A tracking oscillator is possible, but would work better at a faster timer clock. 16MHz is only /80 to 200KHz so you would be /80/81/79 in a mixed basis, with +/- 1 jitter on your sync-clock 

A crystal (N x 200k) would help reduce the correction jitter, and means you have more option to slow down the tracking slew rate. 

 

You are right an XOR would give a repeating error signal, that would decay at your lock speed. That can be a SW XOR or a HW XOR. 

 

 

CLK Speed is important, so let's try 24MHz of AVR DA/DB etc series.  that's /120/121/119  to lock, and  step is 7.5 sysclks 

If you check and DPLL lock-react on every _/= edge, the tracking time is 7 samples, and your impulse error would be 0,0,0,0,0,0,7,6,5,4,3,2,1,0,1,0,1,-1,0 etc 

If you lock-react every 3 _/= edges with a Xtal, your impulse error (one way) would be (ideally) 0,0,0,0,0,7,8,7,6,7,6,5,6,5,4,5,4,3,4,3,2,3,2,1,2,1,0,0,0,0,0.....1..0,0,0,0,0..... -1,0,0,0,0,0,0   etc

 

Software can look for that triangular phase impulse and apply enough noise filtering to be reliable.

The system noise is really going to set your edge-time-precision achieved.

 

An analog VCXO is another way to lock, which would reduce the digital noise of the DPLL, but I think the system jitter is going to be the limit here.

If you really need best time-lock to an edge step, it's hard to see anything other than an ASM coded dedicated MCU.  

 

The highest-MHz cheapest small MCU that digikey lists is the 50MHz EFM8BB51  ~40c/1k, tho that needs an external clock oscillator, no XTAL support. Maybe RC OSC trim is 'good enough' here ?

Say a 0.1% trim step, gives 5ns walk per 5us edge, which is about 62 edges to walk your 312ns, a correction every 4 edges limits that to 20ns, but you have imposed a low ceiling on your correction rate. 

At 50MHz you have a code budget of 250 sysclks - not a whole lot :) 

 

 

 

In answer to your questions...

 

This is a radio system so noise varies with conditions, sometimes it's very clean and other time's it's quite noisy. Jitter is in the order of ±200ns when reception is good. I might be able to improve that a bit. I know this makes it a borderline, so I'm wondering if this is even possible to do. The good news is that I don't need to synchronize with every bit, just enough of them that I can recover the clock and steer another oscillator to reproduce it.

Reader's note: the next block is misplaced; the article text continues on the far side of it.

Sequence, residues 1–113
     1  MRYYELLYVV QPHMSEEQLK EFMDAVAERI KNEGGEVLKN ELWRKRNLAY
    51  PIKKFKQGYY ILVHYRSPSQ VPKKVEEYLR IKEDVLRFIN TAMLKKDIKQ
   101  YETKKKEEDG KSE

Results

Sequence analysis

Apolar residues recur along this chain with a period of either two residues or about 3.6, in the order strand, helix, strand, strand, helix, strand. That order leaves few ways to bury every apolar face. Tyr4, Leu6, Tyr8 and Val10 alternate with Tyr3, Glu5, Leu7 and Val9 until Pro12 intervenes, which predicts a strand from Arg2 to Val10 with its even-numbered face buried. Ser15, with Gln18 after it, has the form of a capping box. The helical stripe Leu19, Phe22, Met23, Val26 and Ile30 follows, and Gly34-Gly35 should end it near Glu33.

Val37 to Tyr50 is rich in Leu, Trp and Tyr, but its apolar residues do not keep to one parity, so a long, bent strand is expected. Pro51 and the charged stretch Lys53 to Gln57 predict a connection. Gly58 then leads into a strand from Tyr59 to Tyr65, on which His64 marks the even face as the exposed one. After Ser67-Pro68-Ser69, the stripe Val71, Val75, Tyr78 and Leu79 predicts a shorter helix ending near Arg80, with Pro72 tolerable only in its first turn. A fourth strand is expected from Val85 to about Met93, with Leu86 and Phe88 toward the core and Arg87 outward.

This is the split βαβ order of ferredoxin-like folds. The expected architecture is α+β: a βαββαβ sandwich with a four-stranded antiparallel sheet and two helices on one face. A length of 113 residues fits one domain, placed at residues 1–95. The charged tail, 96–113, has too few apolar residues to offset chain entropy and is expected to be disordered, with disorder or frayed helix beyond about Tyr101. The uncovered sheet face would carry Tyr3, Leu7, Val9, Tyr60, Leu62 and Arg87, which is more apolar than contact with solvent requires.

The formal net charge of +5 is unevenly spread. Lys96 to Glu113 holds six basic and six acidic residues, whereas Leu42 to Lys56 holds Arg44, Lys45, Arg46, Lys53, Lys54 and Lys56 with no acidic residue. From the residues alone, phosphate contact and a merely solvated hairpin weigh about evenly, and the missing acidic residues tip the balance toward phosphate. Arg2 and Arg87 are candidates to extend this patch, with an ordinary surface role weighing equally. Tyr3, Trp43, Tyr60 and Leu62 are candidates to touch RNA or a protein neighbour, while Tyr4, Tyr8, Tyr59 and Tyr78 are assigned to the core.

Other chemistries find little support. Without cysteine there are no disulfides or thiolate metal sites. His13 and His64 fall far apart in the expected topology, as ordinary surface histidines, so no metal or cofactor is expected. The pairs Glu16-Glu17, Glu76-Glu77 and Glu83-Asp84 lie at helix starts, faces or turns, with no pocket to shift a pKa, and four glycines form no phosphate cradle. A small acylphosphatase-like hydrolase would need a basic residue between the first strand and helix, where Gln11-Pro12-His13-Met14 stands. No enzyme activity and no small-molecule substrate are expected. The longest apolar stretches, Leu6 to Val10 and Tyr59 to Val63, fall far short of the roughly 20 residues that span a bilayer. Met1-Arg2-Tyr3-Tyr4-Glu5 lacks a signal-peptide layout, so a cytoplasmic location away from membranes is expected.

Stability is however excellent, an atomic clock is used to discipline the 200kHz.

 

The low data rate is because the system is ancient and because some applications use the 200kHz as a timing reference, so by having the data rate very low it doesn't cause issues for slow analogue PLLs.

 

The phase change is always on a rising edge, between that edge and the falling edge.

 

At the moment I'm using an STM32 dev board running at 150MHz (750x200kHz) and am open to using either one of those or a SAM if very high clock speeds are needed. Thing is that's still only 750 clock cycles on the MCU per cycle of 200kHz, so a very high interrupt rate. I was hoping I could maybe use a smaller MCU dedicated to just detecting phase changes, and a "main" MCU for decoding the data and communicating with the outside world. But as you say, a 24MHz DA/DB is only going to have 120 clock cycles to handle this. It should be fine, use a timer with capture to make the measurement, sleep and interrupt for timing stability... There will be a relationship to the analogue low pass filtered data stream too, offset by around 35-40ms, which gives a bit of a window for initial noise filtering.

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Who-me wrote:

mojo-chan wrote:

The obvious solution is to just have the timer capture every cycle and an interrupt check the captured value, but the problem with that is it will trigger 200,000 interrupts a second. I could do it but would need to dedicate an MCU to it. An AVR Dx at 20MHz would only have 100 cycles to handle the interrupt or loop, but I suppose that's within the realms of possibility.

Any other clever ideas?

 

Another approach entirely, is to focus on your phase comparator, and use a HC4046/7046/9046/LV4046 type phase lock loop.

That is set up to lock to 200KHz with high gain, and the analog control voltage will have an impulse step on every modulation edge.

the phase of the carrier advancing or retarding by 22.5° will give a easy to see analog pulse, or because this is mostly locked (impulse every 40ms), you could use the digital PCP_OUT via a filter to interrupt the MCU

Getting the phase would be possible with a quick sample of PC2 out, tho that is tri-state pin, or maybe the PC3 on the LV4046 can demodulate directly ?

 

With such an external part the MCU loading drops significantly.

 

That's an interesting idea. With a bit of effort a comparator could probably pull that step out and convert it to a pulse.

 

This also reminded me of a design for demodulating that I saw which used an FM demodulator chip, I think from Motorola. I will go dig into my notes and look for that again. IIRC there was some hackery to make it make it work at 200kHz rather than the designed ~100MHz carrier for FM broadcasts.